The daughter of Chinese immigrants, Tina Chang was born in Oklahoma in 1969 and raised in Queens, New York. She was elected the Poet Laureate of Brooklyn in 2010, and teaches at Sarah Lawrence College.
Perhaps I hold people to impossible ideals,
I tell them, something is wrong with your
personality, (you’re a drinker, you’re
too dependent, or I think you have
a mother/son fixation). This is usually
followed by passionate lovemaking,
one good long and very well meaning
embrace, and then I’m out the door.
In daylight, I’ll tip my sunglasses forward,
buy a cup of tea and think of the good
I’ve done for the world, how satisfying
it feels to give a man something to contemplate.
The heart is a whittled twig. No, that is not
the right image, so I drop the heart in a pile
of wood and light that massive text on fire.
I walk the streets of Brooklyn looking
at this storefront and that, buy a pair of shoes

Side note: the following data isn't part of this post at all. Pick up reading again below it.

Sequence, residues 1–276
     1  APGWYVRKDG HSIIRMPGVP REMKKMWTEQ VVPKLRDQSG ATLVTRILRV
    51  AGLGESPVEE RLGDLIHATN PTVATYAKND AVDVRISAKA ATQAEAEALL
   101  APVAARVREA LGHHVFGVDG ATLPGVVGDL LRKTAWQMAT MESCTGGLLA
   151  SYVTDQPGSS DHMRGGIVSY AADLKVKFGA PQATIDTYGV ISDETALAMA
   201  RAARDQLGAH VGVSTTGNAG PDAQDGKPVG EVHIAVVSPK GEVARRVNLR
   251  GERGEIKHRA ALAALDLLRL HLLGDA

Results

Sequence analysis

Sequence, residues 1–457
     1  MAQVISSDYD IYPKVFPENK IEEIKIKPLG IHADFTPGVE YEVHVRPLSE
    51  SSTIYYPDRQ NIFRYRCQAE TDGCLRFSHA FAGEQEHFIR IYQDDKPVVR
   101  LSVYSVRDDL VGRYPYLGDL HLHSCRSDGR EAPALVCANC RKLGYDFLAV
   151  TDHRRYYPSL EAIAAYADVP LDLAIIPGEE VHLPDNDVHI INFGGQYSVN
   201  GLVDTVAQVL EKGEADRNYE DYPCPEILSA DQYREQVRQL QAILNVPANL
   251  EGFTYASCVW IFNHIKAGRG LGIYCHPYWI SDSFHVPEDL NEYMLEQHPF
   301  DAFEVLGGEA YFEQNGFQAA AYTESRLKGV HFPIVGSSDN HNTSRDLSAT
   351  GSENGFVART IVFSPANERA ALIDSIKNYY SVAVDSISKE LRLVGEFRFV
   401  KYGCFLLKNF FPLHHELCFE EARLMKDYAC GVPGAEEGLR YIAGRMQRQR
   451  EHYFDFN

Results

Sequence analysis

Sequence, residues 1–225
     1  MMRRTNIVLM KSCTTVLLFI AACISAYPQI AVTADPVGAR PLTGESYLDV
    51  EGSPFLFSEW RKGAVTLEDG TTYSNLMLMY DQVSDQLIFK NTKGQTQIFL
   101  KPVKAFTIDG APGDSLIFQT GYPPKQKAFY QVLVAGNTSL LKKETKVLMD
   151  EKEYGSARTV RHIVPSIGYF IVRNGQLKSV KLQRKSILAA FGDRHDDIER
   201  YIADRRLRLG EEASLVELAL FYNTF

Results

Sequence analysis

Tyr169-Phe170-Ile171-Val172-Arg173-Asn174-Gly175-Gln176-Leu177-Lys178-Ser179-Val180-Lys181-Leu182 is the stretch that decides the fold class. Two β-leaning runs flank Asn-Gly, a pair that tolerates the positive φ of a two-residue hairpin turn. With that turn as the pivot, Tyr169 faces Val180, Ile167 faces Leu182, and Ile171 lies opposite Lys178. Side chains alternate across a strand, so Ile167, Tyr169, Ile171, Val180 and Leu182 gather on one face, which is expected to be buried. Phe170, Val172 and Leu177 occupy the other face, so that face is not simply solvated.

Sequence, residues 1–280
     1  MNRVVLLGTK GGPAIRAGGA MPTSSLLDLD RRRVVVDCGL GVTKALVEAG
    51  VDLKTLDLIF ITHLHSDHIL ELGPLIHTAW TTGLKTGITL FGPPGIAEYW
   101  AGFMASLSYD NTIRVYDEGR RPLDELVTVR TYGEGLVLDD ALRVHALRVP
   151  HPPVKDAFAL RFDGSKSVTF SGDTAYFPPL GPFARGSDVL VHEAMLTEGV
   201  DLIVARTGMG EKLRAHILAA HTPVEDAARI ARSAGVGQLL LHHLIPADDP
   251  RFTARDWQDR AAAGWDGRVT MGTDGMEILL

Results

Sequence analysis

I can’t afford, pumps from London, pointed
at the tip and heartbreakingly high, hear
my new heels clicking, crushing the legs
of my shadow. The woman who wears
these shoes will be a warrior, will not think
about how wrong she is, how her calculations
look like the face of a clock with hands
ticking with each terrorizing minute.
She will for an instant feel so much
for the man, she left him lying in his bed
softly weeping. He whispers something
to himself like bitch, witch, cold hearted
______, but he’ll think back to the day
at the promenade when there was no one there
but the two of them, the entire city falling away
into a thin film of yellow and then black,
and how she squeezed his hand, kissed him
on his wrist which bore a beautifully healed
scar, he will love her between instances
of cursing her name. She will have long
fallen asleep in her own bed, a thin nude
with shoes like stilts, shoes squeezing
the blood out of her feet, and in her sleep
she rises above a disappearing city, her head
touching a remote heaven, though below her,
closer to the ground, she feels an ache at the bottom.